Saturday, March 28, 2015

Long live the typo

On one hand, a misspelled word or an incomplete sentence are embarrassing, especially if they are found on a university’s site. On the other hand, erroneous or outdated information, even grammatically and stylistically perfect, is even more embarrassing. In a perfect world, neither of these things would occur. But in the world we all live in, one often has to choose one of the lesser evils. Why?- Because we simply don’t always have the time and resources to attend to both. It is a really simple dilemma: I realize there is a factual error on the site, so I go in and change it right away. Of course, every edit introduces a probability of spelling and grammatical error. But I have time only to fix the factual error. Or, alternatively, for help I only have a person with such qualifications that errors will be missed. What do you want me to do? The answer will tell me a lot about what you value and what priorities you have.

It is actually fairly expensive to develop an organizational infrastructure to proofread all major communications; not just in money, but also in time. And we produce A LOT of text now – millions of emails, some to a large audiences, websites, various memos, reports. And especially when an organization is changing, there are a lot of moving pieces in its communicational function. I cannot see any way of reducing the textual output without actually hurting the organizational dynamics. If you one of top leaders, and you clamp down really hard on typos, you will inevitably create a hurdle for your staff to actively communicate, to produce more text quickly. If you do not control the typos at all, you project a poor image of your organization. So it is a dilemma and a balancing act. But it is clear to me that an overwhelming bias against typos does a disservice to the organization. You will erect barriers by chasing away every typo. You end up with static, unchanging sites, full of factual errors, omissions, outdated information. You will discourage people from improvisational, opportunistic behavior, because no one will do anything quickly, knowing that every report has to go through an editor.

It also occurs to me that the value of perfect spelling, style and grammar goes down. Most people develop somewhat higher tolerance to typos. I did anyway, perhaps because I know how these things are produced. I am a lot more annoyed by old, outdated web sites, and by sleek, but unimaginative reports and presentations. Of course, like everyone else, I love something both brilliant and typo-free. Alas, it is not that common. And to tell you the perfect truth, when it is too perfectly written, I don’t expect much from the text. I think “Oh, you had time to do all this… What did you have to give up instead?”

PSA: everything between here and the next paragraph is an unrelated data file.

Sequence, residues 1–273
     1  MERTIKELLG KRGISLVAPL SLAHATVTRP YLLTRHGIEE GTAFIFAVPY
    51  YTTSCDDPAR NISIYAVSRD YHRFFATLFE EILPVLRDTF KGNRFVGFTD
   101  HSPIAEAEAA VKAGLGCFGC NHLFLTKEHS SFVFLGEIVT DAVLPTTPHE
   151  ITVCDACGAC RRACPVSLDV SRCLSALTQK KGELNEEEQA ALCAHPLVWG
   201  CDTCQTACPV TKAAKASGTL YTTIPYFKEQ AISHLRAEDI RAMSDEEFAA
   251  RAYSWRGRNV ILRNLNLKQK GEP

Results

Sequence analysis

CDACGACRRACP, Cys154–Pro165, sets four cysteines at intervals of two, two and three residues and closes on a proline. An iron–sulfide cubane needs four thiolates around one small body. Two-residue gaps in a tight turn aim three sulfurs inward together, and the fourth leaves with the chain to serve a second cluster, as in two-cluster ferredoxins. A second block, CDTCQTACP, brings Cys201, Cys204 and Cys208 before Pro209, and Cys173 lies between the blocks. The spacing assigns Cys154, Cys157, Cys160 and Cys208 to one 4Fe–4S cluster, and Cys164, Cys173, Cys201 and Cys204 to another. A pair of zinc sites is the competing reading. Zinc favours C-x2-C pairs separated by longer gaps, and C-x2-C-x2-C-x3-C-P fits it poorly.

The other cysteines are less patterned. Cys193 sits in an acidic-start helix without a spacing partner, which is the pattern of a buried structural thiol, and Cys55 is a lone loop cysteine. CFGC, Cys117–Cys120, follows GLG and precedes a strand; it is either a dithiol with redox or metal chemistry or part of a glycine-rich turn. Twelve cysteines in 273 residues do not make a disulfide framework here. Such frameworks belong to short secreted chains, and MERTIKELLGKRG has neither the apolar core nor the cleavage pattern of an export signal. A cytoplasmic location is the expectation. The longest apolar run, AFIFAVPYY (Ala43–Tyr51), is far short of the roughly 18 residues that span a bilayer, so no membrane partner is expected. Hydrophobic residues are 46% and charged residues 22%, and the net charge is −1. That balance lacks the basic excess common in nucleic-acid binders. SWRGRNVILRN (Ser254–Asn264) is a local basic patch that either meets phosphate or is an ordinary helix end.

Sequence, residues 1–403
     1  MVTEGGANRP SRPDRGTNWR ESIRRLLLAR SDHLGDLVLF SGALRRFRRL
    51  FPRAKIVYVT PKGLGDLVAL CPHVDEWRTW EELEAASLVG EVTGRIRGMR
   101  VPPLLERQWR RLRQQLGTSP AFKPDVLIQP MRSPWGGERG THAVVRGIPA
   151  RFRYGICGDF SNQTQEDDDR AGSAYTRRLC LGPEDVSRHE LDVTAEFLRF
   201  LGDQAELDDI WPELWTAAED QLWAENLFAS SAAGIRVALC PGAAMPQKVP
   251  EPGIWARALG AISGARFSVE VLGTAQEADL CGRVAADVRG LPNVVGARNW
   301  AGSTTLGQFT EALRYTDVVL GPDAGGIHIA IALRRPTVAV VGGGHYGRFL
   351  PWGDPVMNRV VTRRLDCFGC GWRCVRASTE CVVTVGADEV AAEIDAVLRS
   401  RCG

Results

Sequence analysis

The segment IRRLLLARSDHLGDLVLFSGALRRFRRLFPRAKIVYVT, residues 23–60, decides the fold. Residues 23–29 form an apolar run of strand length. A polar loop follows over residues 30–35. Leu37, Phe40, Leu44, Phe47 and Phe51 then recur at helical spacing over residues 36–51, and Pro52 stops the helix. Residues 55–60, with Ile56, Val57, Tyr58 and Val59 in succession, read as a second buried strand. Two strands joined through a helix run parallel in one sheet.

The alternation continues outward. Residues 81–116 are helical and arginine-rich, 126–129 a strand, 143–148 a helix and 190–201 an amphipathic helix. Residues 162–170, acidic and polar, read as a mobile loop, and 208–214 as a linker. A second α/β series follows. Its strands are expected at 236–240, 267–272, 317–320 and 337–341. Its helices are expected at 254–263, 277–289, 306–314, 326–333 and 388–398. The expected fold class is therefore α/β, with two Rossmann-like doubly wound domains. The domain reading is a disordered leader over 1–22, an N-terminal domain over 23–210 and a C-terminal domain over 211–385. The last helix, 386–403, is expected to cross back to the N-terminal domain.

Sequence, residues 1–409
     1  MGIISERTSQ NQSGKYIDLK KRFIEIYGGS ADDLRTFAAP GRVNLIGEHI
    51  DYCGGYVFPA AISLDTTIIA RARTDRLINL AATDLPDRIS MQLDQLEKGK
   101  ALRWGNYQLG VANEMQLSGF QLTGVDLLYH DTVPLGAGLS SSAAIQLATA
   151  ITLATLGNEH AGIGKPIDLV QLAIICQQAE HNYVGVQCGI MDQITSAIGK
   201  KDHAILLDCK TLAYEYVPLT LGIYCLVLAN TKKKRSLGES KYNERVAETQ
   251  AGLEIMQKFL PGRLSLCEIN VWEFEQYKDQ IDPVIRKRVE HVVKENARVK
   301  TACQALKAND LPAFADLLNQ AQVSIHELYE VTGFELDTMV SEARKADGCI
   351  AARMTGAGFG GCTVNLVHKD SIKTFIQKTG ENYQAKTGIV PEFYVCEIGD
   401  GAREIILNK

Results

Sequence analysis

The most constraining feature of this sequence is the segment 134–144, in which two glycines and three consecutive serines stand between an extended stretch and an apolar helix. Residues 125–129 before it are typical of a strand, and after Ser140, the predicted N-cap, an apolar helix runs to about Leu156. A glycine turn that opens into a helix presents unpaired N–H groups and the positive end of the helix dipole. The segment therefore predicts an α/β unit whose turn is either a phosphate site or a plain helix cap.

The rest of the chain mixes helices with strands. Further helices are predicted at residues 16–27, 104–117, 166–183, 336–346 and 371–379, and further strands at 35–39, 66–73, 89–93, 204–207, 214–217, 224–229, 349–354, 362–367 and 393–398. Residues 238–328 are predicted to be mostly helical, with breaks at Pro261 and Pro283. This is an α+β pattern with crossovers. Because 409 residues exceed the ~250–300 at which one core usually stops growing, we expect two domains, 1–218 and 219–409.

The old grammarian regime was established by graduates of elite liberal arts universities, where perfect style, grammar, spelling were a mark of high status, and a gatekeeping mechanism to keep the unwashed masses down. It was created so you could humiliate and dismiss anything that comes from a less educated person, with not enough time to learn the hundreds of thousands spellings of random words. Massification of higher education and of cognitive labor together brought in huge volumes of not-so-perfect writing, often done by non-native speakers and by non-elite education. The old elites are incredibly annoyed by that, because their grip to intellectual power is being questioned by bad writing. The level of annoyance is sometimes difficult to understand, as if confusing chose and choose is a personal affront. I do always fix student errors, but never pay too much attention to it while grading. If I understand the intentions of the author, she did her job as a writer, didn’t she? The rest is just personal preferences.

The notion of good writing is not set in stone. It is clearly different in cell phone messaging than it is in fiction writing. One can value clarity, precision, and humor more than perfect spelling, and, - punctuation. It is only one of many regimes of the power matrix, like dress code, accent, and manners. All languages lived without orthography for centuries, and did OK. Moreover, inventive spelling was once a sign of creativity. Only the high modernity invented the one correct way of spelling, and rules for putting in commas and periods. It was a reaction of educated classes to the spread of literacy. They had an interest in differentiating the bad kind of literacy from the good one, so they could claim the privilege of possessing the latter. But the grammarians’ grip on power may be loosening, as more people are able to use their imperfect writing for mass communication. Hence the anxiety, for we need to wither fight for the existing marking, or invent a new one. Otherwise, how will we recognize each other through text?

Screw the uptight proper writing. Long live the typo.

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